4. When you’re all in a safe place, you should call your breakdown provider and request help. You should not try to fix the issue yourself as you could be putting yourself or other road users at risk.
  5. Where it is safe to do so, you should place a warning triangle around 45-50 meters behind the car to warn other road users of an obstruction in the road ahead. If you have broken down on a bend, it is recommended that you put it before the bend, where it is visible to other drivers.

Broken down on B-road or country lane

If you’ve broken down on B-roads or country lanes, you can still be in danger to yourself and other road users. Therefore, it is important to remain vigilant and follow the steps below:

  1. Switch on your hazard lights and pull over to a safe place away from traffic where possible. Where visibility is limited, you may want to consider turning on your sidelights and fog lights too.
  2. You and your passengers should leave the car through the doors away from the road and put on a reflective jacket where available.
  3. Move to a safe location away from the traffic and place a warning triangle around 45 meters behind your vehicle if you have one to alert other road users. If you have broken down on a bend, it may be better to place this before the corner where it is most visible.
  4. Call your local breakdown provider or a local garage for help. If you are obstructing the road, you should call the police to make them aware by dialling 101 (non-emergency number).

Frequently asked questions

If you have broken down without breakdown cover, you can call a local garage to come and tow your vehicle. You may be charged a call-out fee, plus any fees for towing and storing your vehicle. If you have broken down on a motorway or dual carriageway where there are roadworks, you may be able to get Highways England to tow you off the motorway free of charge, however, this may not always be available.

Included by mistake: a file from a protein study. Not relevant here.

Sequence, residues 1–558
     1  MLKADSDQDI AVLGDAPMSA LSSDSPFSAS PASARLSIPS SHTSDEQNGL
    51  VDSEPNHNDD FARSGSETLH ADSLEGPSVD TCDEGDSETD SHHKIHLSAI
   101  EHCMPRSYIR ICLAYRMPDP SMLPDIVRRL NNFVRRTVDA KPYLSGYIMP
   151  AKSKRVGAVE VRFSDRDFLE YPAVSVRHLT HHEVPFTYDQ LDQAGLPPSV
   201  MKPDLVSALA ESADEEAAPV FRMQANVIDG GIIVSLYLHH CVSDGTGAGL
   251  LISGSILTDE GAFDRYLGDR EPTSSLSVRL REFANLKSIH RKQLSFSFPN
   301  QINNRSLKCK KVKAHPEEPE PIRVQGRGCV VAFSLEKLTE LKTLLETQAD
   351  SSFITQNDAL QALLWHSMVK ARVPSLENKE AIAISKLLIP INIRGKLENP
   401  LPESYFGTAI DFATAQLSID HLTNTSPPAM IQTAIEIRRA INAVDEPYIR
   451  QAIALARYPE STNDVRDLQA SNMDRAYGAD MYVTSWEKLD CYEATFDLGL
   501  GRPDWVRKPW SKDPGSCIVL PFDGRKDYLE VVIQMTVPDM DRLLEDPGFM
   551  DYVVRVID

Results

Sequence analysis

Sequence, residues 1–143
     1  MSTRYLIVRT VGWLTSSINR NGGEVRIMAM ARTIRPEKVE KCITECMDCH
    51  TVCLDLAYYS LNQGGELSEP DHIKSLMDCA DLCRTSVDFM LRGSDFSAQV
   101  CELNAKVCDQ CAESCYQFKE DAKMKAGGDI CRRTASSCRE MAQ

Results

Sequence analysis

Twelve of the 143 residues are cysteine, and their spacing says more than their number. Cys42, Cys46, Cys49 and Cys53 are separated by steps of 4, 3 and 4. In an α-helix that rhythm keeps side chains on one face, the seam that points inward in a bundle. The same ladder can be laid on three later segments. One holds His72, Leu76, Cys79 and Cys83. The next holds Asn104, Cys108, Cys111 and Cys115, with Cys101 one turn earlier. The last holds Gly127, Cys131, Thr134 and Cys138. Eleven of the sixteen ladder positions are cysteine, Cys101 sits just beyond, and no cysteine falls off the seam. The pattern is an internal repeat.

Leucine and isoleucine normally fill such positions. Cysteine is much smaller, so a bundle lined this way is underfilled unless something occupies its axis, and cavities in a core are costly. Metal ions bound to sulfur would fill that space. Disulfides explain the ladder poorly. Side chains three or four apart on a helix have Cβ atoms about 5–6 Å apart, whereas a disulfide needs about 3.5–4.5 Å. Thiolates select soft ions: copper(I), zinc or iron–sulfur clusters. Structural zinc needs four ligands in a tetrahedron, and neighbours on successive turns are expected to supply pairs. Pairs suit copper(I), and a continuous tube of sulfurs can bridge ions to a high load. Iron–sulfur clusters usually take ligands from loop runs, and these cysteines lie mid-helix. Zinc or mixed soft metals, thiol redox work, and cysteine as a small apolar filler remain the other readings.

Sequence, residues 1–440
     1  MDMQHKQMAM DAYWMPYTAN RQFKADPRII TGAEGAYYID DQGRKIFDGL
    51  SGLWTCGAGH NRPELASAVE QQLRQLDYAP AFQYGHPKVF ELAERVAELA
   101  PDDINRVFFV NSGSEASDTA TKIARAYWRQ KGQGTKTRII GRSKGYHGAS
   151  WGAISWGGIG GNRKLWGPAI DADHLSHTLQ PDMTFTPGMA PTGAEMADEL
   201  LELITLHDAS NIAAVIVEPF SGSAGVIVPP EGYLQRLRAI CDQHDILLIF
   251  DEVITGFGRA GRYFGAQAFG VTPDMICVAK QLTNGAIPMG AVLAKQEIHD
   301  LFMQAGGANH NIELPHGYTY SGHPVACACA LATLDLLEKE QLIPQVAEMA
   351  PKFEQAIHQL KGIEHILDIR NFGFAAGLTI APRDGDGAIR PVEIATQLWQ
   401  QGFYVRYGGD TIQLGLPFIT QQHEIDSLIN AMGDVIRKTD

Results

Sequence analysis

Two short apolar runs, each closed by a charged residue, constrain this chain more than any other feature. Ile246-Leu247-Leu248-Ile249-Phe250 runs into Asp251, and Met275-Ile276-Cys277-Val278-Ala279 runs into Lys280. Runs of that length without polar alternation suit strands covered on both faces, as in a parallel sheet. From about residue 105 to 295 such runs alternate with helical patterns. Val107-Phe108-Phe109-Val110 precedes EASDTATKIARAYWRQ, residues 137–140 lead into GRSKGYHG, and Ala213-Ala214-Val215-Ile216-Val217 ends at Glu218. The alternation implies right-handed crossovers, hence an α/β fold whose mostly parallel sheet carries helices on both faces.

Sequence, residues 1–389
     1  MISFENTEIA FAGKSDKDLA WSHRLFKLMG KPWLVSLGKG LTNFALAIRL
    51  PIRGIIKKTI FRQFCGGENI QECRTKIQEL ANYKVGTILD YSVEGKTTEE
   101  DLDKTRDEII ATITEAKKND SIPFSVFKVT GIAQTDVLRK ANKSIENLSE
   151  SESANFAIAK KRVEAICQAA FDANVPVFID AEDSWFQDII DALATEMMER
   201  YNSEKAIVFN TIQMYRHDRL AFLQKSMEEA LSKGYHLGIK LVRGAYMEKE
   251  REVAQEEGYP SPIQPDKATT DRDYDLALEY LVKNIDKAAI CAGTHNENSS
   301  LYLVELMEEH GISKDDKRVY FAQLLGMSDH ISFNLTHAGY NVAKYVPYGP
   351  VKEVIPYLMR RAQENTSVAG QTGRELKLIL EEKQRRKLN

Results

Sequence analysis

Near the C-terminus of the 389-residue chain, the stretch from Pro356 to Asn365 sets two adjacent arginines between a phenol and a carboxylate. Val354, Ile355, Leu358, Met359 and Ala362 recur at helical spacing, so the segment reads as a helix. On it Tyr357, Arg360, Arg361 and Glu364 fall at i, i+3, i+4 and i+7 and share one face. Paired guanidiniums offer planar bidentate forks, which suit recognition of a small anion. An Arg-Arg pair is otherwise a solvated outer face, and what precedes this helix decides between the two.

To help you stay safe, there are a few things you should not do in the event of a break down:

  • Don’t attempt to repair your car at the roadside as this may put you and other road users at risk. If you want to repair the car yourself, you should do so once it has been towed to a safer place.
  • Don’t put a warning triangle behind your car on a motorway, as it could blow into the road and cause an accident when other vehicles are travelling at high speeds.
  • Don’t remove your pets from the vehicle. They’re safer inside the broken-down car and all you should do is open the window slightly for ventilation on a hot day.

Whether or not you need to call the police will depend on your circumstances. For example, if you feel unsafe or if you feel that you are risking the safety of other road users, you may need to call the police for them to assist and close off a section of the road.

Whilst it is impossible to rule out the possibility of your car unexpectedly breaking down, you can reduce the likelihood by ensuring your car is properly maintained. This includes getting the car serviced regularly, keeping your MOT up-to-date and having frequent check-ups at a trusted garage.

Furthermore, you should keep an eye on your fuel gauge to ensure it’s not running low and get your car seen by an expert as soon as any dashboard warning lights illuminate.